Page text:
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DiMaggio: The Streak turns 50 First game of 56 was May 15, 1941


NEW YORK -- Up the hill beyond the Yankee Stadium bleachers, at the new Thomas Gardens apartments at 840 Grand Concourse, six rooms with two baths were renting for $75 a month.

In the classifieds, $16 a week awaited a "thoroughly experienced" female stenographer, while a male traveling salesman with a "late sedan" carrying samples could earn $30 to $35 a week.

On the radio that evening, Bing Crosby's "Variety Hour" would be on WEAF, while the Town Meeting on WJZ debated "Should the President Declare a Full National Emergency?"

At the White House that morning, Franklin Delano Roosevelt cautioned the Vichy government in France about cooperating with the German military. And in London, Winston Churchill was still wondering why Rudolf Hess, third in command under Hitler, had parachuted from a Messerschmitt 110 into a Scottish pasture.

"This is one of those cases," Churchill said of Hess' mysterious defection, "in which the imagination is baffled by the facts."

This was what the world was like 50 years ago today, when Joe DiMaggio's first-inning single off Eddie Smith, a chunky left-hander for the Chicago White Sox, drove in Phil Rizzuto with the New York Yankees' only run in a 13-1 loss, their 10th in the last 14 games. On that warm, sunny afternoon at Yankee Stadium, the Yankees sagged into fourth place with a 14-15 record.

But for baseball, the imagination was about to be baffled by the facts as never before or since. Joe DiMaggio's record 56-game hitting streak had begun, a record that has never been seriously threatened.

In 1978, Pete Rose had a 44-game streak that matched Wee Willie Keeler's streak to open the 1897 season for the Baltimore Orioles, then in the National League.

Nobody has really come close.

But one reason DiMaggio's streak is now a fortress of a record might be the era in which it developed.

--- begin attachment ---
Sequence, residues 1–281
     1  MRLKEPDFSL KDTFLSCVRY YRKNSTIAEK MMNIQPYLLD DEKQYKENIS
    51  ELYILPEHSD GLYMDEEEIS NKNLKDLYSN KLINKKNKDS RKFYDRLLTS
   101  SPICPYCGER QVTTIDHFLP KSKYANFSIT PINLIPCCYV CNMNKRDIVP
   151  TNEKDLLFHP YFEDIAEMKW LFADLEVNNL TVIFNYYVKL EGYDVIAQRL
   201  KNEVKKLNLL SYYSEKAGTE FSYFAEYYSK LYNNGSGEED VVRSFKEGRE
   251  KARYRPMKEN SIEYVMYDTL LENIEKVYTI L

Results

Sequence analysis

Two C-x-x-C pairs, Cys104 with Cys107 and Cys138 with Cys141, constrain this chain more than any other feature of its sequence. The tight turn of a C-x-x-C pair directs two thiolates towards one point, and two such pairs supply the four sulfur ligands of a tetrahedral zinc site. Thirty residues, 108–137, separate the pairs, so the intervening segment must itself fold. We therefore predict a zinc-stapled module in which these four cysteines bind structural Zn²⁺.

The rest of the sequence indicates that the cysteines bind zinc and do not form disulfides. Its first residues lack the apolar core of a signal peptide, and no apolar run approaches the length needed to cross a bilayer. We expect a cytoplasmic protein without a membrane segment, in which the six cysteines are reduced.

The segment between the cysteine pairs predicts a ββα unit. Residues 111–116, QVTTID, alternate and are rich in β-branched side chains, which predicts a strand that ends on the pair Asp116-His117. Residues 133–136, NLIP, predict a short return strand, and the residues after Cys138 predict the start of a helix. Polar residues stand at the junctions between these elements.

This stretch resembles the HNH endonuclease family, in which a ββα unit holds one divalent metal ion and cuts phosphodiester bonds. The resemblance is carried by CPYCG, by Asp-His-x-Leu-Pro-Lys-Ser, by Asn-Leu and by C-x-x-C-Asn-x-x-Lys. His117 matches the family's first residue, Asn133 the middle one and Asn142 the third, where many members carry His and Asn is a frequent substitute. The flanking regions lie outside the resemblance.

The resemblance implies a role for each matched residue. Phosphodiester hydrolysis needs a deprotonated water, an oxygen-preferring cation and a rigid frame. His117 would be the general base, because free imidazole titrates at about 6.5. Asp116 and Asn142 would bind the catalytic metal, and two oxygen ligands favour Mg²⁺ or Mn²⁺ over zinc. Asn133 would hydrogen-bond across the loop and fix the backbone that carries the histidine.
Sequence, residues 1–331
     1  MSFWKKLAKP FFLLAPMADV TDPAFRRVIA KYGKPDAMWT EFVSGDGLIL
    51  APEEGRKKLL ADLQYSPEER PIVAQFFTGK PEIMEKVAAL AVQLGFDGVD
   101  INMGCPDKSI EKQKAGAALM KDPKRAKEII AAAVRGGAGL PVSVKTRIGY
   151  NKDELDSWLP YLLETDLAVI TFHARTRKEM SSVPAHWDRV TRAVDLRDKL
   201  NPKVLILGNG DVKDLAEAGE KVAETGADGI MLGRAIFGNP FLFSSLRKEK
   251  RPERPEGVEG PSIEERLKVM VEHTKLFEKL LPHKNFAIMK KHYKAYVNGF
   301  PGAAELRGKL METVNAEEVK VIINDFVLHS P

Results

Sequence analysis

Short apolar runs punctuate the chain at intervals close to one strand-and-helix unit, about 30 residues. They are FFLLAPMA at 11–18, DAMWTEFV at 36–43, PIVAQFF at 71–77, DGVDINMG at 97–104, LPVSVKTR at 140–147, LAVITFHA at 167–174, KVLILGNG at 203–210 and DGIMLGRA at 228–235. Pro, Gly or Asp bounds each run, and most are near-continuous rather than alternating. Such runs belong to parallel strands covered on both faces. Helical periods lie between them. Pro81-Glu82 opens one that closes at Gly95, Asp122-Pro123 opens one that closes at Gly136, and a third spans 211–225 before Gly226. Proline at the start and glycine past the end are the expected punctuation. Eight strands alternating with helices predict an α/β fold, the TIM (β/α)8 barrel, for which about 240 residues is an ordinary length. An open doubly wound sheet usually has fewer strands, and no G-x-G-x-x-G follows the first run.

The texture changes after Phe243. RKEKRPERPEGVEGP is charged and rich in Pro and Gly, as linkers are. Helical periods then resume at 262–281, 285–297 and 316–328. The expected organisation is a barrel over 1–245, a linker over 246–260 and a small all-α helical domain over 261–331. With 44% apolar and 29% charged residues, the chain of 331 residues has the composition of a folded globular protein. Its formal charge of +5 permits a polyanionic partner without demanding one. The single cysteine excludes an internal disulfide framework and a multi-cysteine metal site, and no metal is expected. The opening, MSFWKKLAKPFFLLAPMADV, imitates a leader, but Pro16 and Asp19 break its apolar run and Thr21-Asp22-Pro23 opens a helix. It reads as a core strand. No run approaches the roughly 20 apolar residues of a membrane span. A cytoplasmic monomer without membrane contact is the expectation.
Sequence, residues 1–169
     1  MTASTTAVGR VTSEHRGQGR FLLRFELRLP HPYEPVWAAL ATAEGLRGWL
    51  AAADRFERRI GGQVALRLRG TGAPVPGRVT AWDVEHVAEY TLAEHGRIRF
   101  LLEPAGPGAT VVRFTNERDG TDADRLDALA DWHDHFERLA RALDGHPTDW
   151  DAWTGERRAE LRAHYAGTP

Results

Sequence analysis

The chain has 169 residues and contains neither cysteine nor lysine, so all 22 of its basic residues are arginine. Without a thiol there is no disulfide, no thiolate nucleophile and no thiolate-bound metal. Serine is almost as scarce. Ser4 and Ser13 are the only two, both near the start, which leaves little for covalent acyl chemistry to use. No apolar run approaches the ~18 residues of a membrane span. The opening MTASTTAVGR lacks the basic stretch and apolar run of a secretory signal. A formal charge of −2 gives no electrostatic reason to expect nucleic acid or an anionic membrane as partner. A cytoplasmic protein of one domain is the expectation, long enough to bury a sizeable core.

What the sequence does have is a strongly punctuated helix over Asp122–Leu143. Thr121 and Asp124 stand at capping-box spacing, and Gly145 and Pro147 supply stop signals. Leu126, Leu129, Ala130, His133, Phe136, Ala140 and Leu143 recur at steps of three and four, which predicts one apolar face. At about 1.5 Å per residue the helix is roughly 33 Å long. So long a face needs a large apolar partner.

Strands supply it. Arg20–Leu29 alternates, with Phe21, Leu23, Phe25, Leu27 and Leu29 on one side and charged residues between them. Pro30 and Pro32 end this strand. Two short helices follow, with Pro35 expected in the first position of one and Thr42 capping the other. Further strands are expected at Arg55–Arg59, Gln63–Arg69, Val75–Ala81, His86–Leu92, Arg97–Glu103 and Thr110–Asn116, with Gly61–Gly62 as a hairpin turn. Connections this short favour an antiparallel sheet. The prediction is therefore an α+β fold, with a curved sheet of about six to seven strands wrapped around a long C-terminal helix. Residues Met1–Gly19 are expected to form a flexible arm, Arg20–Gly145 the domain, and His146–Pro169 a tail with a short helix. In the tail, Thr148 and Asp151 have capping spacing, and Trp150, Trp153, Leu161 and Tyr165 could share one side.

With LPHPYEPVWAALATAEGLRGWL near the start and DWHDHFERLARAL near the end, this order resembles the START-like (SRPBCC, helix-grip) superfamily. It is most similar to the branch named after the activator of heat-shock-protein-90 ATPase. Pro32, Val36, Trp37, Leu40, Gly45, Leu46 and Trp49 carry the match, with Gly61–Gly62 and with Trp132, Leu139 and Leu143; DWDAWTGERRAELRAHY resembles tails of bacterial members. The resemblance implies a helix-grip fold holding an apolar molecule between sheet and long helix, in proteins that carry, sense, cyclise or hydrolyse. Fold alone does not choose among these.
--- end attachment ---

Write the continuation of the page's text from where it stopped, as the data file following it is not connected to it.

It was a different, slower-paced era.

Trans World Airlines was advertising "only 15 hours, 8 minutes" to Los Angeles but did not mention the price. The Sante Fe railroad had six trains to California with no mention of the price. The United States lines had 12-day cruises of the West Indies, starting at $165.

It was a quieter time.

Most baseball games started at 3 o'clock in the afternoon. Only a few major-league ballparks had lights. There were more newspapers, but there were no television listings.

The only baseball game on radio in the New York area that day was the Brooklyn Dodgers' game in Pittsburgh on WOR with the notation "reconstructed by wire," meaning Red Barber embellished the bare bones of the pitch-by-pitch supplied by a Western Union telegrapher using Morse code dots and dashes.

Off to a 22-6 start, those Dodgers would win the National League pennant. Their ace, Whitlow Wyatt, was 7-0, but Casey Stengel, manager of the Boston Braves, one was assessing Pete Reiser, the 22-year-old Dodgers center fielder who would win the National League batting title that year with a .343 average.

"He's a star player right now if he stands up," Stengel said long before Reiser's career was shortened by his headlong collisions with unpadded outfield walls. "He's been hurt a couple of times. Maybe he's fragile. You know, a star can't deliver unless he can stand up."

The New York Giants, who would finish fifth, had traded Handsome Harry Gumbert to the St. Louis Cardinals for another right-handed pitcher, Fiddler Bill McGee.

But the big story was in Chicago, where the Cubs signed Dizzy Dean, his Hall of Fame pitching career over because of an ailing arm, to a coach's contract while also paying his $10,000 salary.

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